I have trodden the wine press alone; and of the people there was none with me: for I will tread them in my anger…
I. IT HAS MANY SENSES, INWARD AND OUTWARD.
1. There is what I may call the loneliness of simple solitude. Solitude which is first voluntary, and secondly occasional, is but half solitude. Solitude which we fly to as a rest, and can exchange at will for society which we love, is a widely different thing from that solitude which is either the consequence of bereavement or the punishment of crime; that solitude from which we cannot escape, and which perhaps is associated with bitter or remorseful recollections.
2. There is the loneliness of sorrow. Is not loneliness the prominent feeling in all deep sorrow? Is it not the feeling of loneliness which gives its sting to bereavement?
3. There is the loneliness of a sense of sin. Whatever duties may lie upon us towards other men, in our innermost relation to God we are and must be alone. When the sense of sin is heavy upon us, how incapable is the soul of anything but solitude! And if such be the loneliness of repentance, what must be the loneliness of remorse, which is repentance without God, without Christ, and therefore without hope. If repentance is loneliness, remorse is desolation.
4. There is the loneliness of death.
5. Can we follow the soul one step further, and see it standing in judgement before the throne of God? "Every one shall give account of himself to God."
II. PRACTICAL CONSIDERATIONS. There are two senses at least in which you ought to practise the being alone.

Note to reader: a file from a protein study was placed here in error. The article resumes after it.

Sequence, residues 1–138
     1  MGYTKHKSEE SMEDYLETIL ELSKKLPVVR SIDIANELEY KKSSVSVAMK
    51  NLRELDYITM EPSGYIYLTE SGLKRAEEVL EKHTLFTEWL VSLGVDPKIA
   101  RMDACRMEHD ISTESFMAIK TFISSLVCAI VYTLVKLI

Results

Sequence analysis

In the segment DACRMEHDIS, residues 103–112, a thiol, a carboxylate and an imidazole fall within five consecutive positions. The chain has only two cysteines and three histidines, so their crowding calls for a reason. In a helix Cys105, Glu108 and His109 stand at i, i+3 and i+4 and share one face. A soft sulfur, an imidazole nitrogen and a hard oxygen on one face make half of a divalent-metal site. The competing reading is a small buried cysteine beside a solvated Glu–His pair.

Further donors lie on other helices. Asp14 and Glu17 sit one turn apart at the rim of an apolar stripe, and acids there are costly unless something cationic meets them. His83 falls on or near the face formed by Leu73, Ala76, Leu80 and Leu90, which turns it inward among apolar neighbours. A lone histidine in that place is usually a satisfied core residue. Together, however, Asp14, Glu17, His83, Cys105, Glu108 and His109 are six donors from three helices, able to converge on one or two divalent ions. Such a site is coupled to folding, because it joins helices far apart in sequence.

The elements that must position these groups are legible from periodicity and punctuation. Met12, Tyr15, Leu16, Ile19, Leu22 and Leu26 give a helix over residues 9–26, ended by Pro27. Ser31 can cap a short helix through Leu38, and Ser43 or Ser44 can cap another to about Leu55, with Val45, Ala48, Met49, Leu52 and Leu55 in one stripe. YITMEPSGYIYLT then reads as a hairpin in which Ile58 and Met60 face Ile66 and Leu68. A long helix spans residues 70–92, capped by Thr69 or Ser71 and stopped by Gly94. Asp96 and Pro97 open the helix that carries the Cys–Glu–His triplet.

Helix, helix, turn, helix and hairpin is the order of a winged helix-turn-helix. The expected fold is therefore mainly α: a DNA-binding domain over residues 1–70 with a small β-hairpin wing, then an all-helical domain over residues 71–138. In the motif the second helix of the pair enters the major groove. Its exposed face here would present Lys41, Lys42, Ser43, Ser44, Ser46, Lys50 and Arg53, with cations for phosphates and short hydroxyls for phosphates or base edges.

1. Being alone in prayer. I do not mean that you must necessarily be in a place by yourselves, in order to pray: if this were essential to prayer, then the poor and the young in most cases could never pray. But I mean that in praying, whether by yourselves (which is, no doubt, a great advantage) or in the presence of others, you should try to shut out the recollection of any other presence than that of God.
2. If you are to die alone, and if you are to be judged alone, be not afraid also to think alone, and, if necessary, to act alone.
3. If the view of life thus presented seem to any one to be fiat and dreary, let him remember that, though we must pray alone, and judge alone, and sometimes act alone, and certainly die alone, and be judged alone, yet there is a reality of sympathy still, which we may find and rejoice in if we will. It is a sympathy independent of sight and word, secret yet real, unchangeable and eternal. Sympathy with Him who so loved that He died for us, and who is the same yesterday and to-day and for ever. Sympathy with Him, and with God through Him, exercised by the intervention of the Holy Spirit. This is the Divine aspect of Christian sympathy. But there is a human side also.
Parallel VersesKJV: I have trodden the winepress alone; and of the people there was none with me: for I will tread them in mine anger, and trample them in my fury; and their blood shall be sprinkled upon my garments, and I will stain all my raiment.
WEB: "I have trodden the winepress alone; and of the peoples there was no man with me: yes, I trod them in my anger, and trampled them in my wrath; and their lifeblood is sprinkled on my garments, and I have stained all my clothing.